Putinology considered harmful: the many legends we tell ourselves about Vladimir Putin

Russian emigre — and Putin opponent — Keith Gessen writes at length and very well about the different guises that Vladimir Putin takes on in the imaginations of western political writers: genius, nothing, secret stroke survivor, KGB agent, killer, kleptocrat, a man with the suspicious name of "Vladimir."

None of these are a thorough accounting for who Putin is; as a genius, he's certainly prone to some pretty dumb mistakes; as a nothing, he has done rather a lot; as a super-ninja KGB spook he's certainly no more Machiavellian than the average EU leader; as a killer, his body-count owes much to apparently rogue underlings; as a kleptocrat, he is certainly willing to risk his pals' billions. He is, however, named Vladimir.

After reading Gessen's piece, I think kleptocrat comes closest, with all the short-sightedness that implies. As Gessen writes, for a genius, Putin has certainly failed to secure his own peaceful succession: "it is hard to imagine an end to the Putin era that is not violent, and whose violence does not lead to more violence" — thus, "[Putin]'s palace is, in a way, the most hopeful thing that Putin is building – a promise of his eventual retirement, and under circumstances where he is not torn from limb to limb by a mob that has entered the Kremlin and overpowered his personal guards."

With Putin the killer, we reach something like Putinology's conceptual blind spot. What we seem to be dealing with, in Russia, is neither a failed state, where the government has no power, nor a totalitarian state, where it has all the power, but something in between. Putin does not order killings, and yet killings happen. Putin ordered the takeover of Crimea, but, as best as anyone can tell, he seems not to have ordered the invasion of eastern Ukraine. That invasion appears to have been undertaken as a freelance operation by a small group of mercenaries funded by a well-connected Russian businessman. Real Russian troops came later. But if Putin isn't in charge of everything – if there are powerful forces operating outside of Putin's say-so – what's the point of Putinology? On this point, Putinology is silent.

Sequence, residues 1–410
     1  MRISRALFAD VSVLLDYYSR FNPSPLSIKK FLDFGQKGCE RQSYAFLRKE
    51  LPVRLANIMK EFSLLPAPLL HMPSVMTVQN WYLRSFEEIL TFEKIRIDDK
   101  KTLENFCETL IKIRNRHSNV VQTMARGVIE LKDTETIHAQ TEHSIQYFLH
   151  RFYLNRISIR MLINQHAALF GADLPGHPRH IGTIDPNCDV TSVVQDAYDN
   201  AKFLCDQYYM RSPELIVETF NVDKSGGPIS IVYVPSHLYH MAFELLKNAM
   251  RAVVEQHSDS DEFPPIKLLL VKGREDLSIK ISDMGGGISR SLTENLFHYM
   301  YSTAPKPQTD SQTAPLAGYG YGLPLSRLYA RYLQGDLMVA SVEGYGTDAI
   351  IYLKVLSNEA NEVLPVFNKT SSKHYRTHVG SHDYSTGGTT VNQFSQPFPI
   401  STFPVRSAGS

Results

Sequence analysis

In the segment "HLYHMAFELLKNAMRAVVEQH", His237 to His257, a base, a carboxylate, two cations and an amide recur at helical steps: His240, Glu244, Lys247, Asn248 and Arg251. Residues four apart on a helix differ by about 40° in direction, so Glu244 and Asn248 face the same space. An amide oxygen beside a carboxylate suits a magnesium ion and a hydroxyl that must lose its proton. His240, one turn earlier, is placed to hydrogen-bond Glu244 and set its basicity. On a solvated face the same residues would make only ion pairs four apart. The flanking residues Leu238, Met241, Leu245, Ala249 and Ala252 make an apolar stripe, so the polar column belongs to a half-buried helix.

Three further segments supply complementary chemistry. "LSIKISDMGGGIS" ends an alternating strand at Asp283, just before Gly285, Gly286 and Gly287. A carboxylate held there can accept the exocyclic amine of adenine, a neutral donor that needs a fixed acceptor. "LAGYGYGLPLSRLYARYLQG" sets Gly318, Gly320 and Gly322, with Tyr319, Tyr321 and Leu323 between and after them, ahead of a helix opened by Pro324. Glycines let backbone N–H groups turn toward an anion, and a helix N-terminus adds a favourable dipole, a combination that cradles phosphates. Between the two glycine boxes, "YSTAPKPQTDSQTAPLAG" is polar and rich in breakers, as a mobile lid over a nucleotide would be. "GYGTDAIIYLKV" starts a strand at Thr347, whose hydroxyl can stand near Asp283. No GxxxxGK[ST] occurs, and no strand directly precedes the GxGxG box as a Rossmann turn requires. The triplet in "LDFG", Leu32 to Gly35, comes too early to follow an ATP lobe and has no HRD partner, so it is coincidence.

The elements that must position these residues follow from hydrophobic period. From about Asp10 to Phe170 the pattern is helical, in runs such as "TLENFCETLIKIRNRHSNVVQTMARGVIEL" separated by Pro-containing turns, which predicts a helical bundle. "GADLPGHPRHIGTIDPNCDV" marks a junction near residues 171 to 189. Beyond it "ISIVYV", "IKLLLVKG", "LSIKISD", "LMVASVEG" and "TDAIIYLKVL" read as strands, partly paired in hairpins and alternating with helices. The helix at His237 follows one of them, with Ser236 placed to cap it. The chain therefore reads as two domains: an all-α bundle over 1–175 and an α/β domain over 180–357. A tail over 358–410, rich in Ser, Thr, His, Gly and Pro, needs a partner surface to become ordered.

The absolute worst crime of which Putin has been accused is the bombing of several apartment blocks in Moscow in 1999. In September of that year, with President Boris Yeltsin ill, presidential elections just around the corner, and a relatively unknown Putin recently moved from heading the FSB to running the government as Yeltsin's prime minister, two large apartment buildings blew up in Moscow, killing nearly 300 people. A few days later there was another building explosion, this time in the southern city of Volgodonsk. And a few days after that, in a bizarre incident, some men were caught by local police planting what appeared to be explosives in the basement of a building in Ryazan – the men turned out to be from the FSB. They quickly removed the apparent bomb and declared the whole thing a "training exercise" meant to test the vigilance of the populace and the police.

Killer, kleptocrat, genius, spy: the many myths of Vladimir Putin
[Keith Gessen/The Guardian]

(via Naked Capitalism)

(Image: Pussy Riot – Vladimir Vladimirovich Putin, painted portrait, thierry ehrmann, CC-BY)